A few weeks ago, I visited my boyfriend at University of Illinois for a long weekend. Months ago, he told me he got tickets for us to go see Daniel Tosh on his college tour. I didn’t know much about him, especially what he was up to nowadays — neither did my boyfriend — but we both remembered his popular show that was comedy gold for adolescent boys. What could go wrong?
We walked into the State Farm Arena and I looked around and was immediately struck by the lack of diversity — not much different from Elon University— but still of note. The audience was filled with both students and locals.
The show began with Tosh himself, and I’ll admit he was funny at first. He definitely made some off-color jokes that I have grown up knowing were not okay, but it quickly became evident to me that not everyone has had the same upbringing.
Throughout the show he welcomed up a few guests who were mostly writers from his show.
After a succession of pretty funny acts, Tosh introduced another comedian who in so many words, he said “would cross the line.”
And cross the line he did.
“Why does everyone with Down Syndrome have the same haircut?” he said.
I looked at my boyfriend and began to cry.
I cried because I immediately thought of my five-year-old brother, Carter, who happens to have Down Syndrome, sitting at home watching “Moana.”
That was the beginning to a bit that lasted for what felt like hours, but in actuality, lasted about three minutes. The comedian continued by saying:
“Thank you — all of you who laughed — for keeping it real. Everyone who didn’t, you’re going to hell because you’re kidding yourselves.”
I won’t repeat the entirety of his bit, because he doesn’t deserve it and neither do I, but as it concluded I turned my body back to face the stage. Tosh returned and supported the comedian’s decision to tell that particular joke because he had apparently been hesitant to do so in past shows.
In that moment, I didn’t know what do to. Should I stand up and scream? Should I walk out? I regrettably did neither, but in an attempt to make up for that, I decided to write about it.
People need to stop using physical characteristics or, in this case, someone’s diagnosis as the butt of their jokes.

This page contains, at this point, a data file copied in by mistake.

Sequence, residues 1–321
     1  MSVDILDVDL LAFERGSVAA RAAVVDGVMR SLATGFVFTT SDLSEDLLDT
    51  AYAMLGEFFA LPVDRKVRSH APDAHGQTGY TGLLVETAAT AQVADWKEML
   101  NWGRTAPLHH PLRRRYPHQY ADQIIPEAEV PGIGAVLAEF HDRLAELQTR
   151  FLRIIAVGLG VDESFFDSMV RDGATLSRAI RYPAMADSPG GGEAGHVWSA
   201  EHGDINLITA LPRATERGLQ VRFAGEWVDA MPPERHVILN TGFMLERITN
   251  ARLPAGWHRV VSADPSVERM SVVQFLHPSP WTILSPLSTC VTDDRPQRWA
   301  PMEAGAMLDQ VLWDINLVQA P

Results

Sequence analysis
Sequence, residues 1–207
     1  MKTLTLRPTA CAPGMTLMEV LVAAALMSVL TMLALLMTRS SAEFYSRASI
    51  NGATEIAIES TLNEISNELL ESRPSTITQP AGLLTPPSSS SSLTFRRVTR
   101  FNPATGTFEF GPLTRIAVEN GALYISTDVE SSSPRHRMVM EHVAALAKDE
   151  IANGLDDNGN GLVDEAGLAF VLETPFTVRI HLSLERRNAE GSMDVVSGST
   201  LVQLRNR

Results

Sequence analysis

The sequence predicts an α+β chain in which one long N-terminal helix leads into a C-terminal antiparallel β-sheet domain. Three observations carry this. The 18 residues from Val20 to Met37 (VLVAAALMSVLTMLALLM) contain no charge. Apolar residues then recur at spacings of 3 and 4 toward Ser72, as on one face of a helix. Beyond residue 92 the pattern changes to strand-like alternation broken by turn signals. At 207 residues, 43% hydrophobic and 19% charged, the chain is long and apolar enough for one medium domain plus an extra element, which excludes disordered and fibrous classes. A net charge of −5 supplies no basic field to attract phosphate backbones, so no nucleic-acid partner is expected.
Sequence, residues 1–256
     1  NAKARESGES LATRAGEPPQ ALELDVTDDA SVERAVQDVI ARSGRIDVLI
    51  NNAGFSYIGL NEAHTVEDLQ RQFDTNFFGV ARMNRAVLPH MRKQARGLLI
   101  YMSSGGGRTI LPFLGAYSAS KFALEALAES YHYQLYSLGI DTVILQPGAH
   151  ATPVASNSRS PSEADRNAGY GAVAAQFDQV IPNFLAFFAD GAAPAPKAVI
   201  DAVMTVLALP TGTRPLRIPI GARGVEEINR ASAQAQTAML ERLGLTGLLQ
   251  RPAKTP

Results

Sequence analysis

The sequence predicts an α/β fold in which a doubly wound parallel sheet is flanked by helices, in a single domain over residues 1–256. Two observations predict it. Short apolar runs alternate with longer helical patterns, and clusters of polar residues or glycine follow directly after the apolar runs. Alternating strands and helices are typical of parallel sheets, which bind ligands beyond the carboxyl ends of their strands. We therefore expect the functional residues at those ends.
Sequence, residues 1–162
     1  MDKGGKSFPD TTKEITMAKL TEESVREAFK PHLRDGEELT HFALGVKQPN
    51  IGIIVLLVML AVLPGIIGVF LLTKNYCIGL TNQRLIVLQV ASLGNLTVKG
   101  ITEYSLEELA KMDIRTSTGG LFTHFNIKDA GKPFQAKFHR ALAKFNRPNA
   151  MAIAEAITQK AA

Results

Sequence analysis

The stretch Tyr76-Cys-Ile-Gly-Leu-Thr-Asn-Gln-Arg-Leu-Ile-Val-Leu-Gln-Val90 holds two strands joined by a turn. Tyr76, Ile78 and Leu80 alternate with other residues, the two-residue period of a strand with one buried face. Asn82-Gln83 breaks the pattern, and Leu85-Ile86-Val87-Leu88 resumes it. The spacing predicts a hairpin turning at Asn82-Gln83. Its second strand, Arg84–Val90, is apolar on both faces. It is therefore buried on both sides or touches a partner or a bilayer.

Why, in 2017, is it still acceptable to make fun of people who are different? Why did this man and everyone in the audience who laughed think this was funny?
It’s not funny.
Just like it’s not funny to call someone “retarded.” Using that word is not only outdated, but it’s also offensive to anyone who has any sort of cognitive disability or delay. It discredits the efforts of so many men and women who are working every day to prove themselves in a world that has continually ignored or discouraged them.
Carter is one funny little guy, but it sure has nothing to do with his Down Syndrome.
A question I have been asking myself over the past few weeks is: Why was this comedian hesitant to do this bit before? Why did he choose this night to tell it?
It has seemingly become the norm to pick on “the underdog” or the voiceless. Whether it be our new president mocking a reporter with a physical disability on television, or this comedian making a joke at the expense of my brother and all those like him.
His joke, and the laughter that followed, was evidence of a deeply rooted problem in our society where it has been deemed OK to view people with disabilities as the “other” or those worthy of being mocked.
Especially under our current administration, the culture of bullying and name-calling has become overwhelmingly prevalent. This is a problem that needs to be addressed head on.
I am certain this comedian wouldn’t say that joke to the face of someone with Down Syndrome, but he makes the joke because he sees those men and women as a group that is weaker than he is. A group outside of “the norm.”
I am in no way speaking for everyone with Down Syndrome — as they can certainly speak for themselves — but I am speaking in defense of my little brother and the people like him. And I always will.
Be advocates for one another, and speak out against hateful and ugly language that is used to disparage others.